Blog: Brexit a direct impact as UK small businesses drop since 2020 is revealed – The London Economic

A report has looked at the impact of the SME sector and the findings are concerning.

Startups.co.uk has launched its statistical report, outlining the impact of Covid, the rising cost of living, and Brexit.

Since Covid struck, it’s been a difficult time for many UK businesses, but none more so than small businesses. 45 per cent of SMEs have seen their turnover fall by at least 20 per cent post-Covid, and 41 per cent reported losing a large client or experiencing adverse market conditions in 2021.

Redundancies

The sectors that recorded the largest falls in revenue post-Covid were hospitality (54 per cent) and the arts and recreation industries (41 per cent). Redundancies were most often reported by Hospitality (30 per cent) and Wholesale/Retail (21 per cent) SMEs.

Brexit is also highlighted as an additional factor impacting small businesses.

In November 2021, 64 per cent of UK SMEs stated that Brexit has negatively influenced the UK economy, with 16 per cent finding it harder to recruit staff due to stricter immigration laws.

Two in five of the respondents also said their costs had increased since the referendum, particularly costs associated with importing goods.

That being said, Startups.co.uk spoke to 70 startup owners (who founded their businesses after May 2021), with the majority saying that Brexit has not been an obstacle. This suggests that entrepreneurs are adapting their business plans to accommodate for the disruption caused by Brexit.

Startups.co.uk writer and researcher Len Young states: “Business failures might be increasing, but the number of new business launches also shows no sign of slowing down. UK entrepreneurial spirit clearly hasn’t slowed in the face of challenges like COVID-19 and Brexit.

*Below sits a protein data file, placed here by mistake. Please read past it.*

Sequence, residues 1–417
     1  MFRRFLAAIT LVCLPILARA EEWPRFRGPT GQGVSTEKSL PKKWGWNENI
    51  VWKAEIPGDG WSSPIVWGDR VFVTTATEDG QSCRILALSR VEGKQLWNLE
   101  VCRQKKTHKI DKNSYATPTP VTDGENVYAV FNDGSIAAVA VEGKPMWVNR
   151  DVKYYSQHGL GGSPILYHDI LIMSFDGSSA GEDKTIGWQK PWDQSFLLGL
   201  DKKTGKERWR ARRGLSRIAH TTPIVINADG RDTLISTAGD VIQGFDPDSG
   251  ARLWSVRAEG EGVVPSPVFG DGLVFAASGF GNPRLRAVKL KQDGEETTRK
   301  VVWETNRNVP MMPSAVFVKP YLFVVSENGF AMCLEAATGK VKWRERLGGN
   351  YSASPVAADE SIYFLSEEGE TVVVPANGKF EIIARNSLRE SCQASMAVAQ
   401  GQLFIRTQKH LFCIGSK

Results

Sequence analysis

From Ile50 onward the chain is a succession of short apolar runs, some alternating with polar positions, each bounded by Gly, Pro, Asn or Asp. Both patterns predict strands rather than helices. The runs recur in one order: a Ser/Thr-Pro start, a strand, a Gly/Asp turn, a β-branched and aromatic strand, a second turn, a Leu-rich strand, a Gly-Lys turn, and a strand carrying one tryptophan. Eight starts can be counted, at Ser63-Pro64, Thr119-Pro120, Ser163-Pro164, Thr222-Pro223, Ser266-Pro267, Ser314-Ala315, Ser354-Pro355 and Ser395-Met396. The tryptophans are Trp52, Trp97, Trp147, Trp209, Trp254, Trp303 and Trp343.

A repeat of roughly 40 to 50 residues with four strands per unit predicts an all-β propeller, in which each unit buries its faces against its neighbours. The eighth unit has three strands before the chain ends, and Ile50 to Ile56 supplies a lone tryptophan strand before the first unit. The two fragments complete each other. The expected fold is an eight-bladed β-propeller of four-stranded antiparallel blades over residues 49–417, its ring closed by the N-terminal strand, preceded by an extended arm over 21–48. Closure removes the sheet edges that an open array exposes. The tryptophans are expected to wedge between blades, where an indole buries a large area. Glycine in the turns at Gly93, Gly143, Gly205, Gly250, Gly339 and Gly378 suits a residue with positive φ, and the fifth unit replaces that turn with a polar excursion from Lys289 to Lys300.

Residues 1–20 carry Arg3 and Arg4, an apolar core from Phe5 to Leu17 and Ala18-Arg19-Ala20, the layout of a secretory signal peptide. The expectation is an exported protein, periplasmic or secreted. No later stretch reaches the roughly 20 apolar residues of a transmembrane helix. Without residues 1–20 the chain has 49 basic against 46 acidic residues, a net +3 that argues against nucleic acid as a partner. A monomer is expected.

Racial bias

Instead, a substantial number of new opportunities have been created for startups looking to enter growing markets like finance and real estate. Additionally – with an ageing population, an increased focus on sustainability, and a valuable beauty industry – we believe health tech, sustainability, and wellbeing are three of the key business trends for 2022.”

The report also looks at discrepancies in funding for minority groups, finding that female entrepreneurs’ share of the UK’s VC funding market has stayed under 2 per cent for the past 10 years. Startups.co.uk recent investigation into the gender funding gap discovered that, on average, businesses with just one male founder received seven times more investment than women-owned firms.

Racial bias is also a factor in new business success. 18 per cent of external finance applications from ethnic-minority-led businesses were turned down, compared to 10 per cent of white-led business applications.

Additionally, only 43 per cent of black entrepreneurs surveyed said they’d trust banks to support them with the capital to grow their businesses.

Related: ‘It takes guts’: Brexiteer praised for admitting this wasn’t the outcome he voted for

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